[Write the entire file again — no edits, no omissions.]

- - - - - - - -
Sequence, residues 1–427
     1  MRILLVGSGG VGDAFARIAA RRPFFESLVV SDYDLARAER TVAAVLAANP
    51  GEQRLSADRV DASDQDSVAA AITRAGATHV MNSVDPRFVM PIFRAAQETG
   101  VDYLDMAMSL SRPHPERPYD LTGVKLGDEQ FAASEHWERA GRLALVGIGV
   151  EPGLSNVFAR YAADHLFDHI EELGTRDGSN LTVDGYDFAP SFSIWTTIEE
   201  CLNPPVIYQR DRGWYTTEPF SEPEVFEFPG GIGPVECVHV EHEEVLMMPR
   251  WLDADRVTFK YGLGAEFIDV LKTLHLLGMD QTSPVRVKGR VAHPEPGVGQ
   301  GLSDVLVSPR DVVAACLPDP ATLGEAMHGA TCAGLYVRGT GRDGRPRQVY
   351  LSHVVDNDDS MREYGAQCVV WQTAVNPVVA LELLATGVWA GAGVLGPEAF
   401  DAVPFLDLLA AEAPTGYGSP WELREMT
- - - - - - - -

Sequence, residues 1–427
     1  MRILLVGSGG VGDAFARIAA RRPFFESLVV SDYDLARAER TVAAVLAANP
    51  GEQRLSADRV DASDQDSVAA AITRAGATHV MNSVDPRFVM PIFRAAQETG
   101  VDYLDMAMSL SRPHPERPYD LTGVKLGDEQ FAASEHWERA GRLALVGIGV
   151  EPGLSNVFAR YAADHLFDHI EELGTRDGSN LTVDGYDFAP SFSIWTTIEE
   201  CLNPPVIYQR DRGWYTTEPF SEPEVFEFPG GIGPVECVHV EHEEVLMMPR
   251  WLDADRVTFK YGLGAEFIDV LKTLHLLGMD QTSPVRVKGR VAHPEPGVGQ
   301  GLSDVLVSPR DVVAACLPDP ATLGEAMHGA TCAGLYVRGT GRDGRPRQVY
   351  LSHVVDNDDS MREYGAQCVV WQTAVNPVVA LELLATGVWA GAGVLGPEAF
   401  DAVPFLDLLA AEAPTGYGSP WELREMT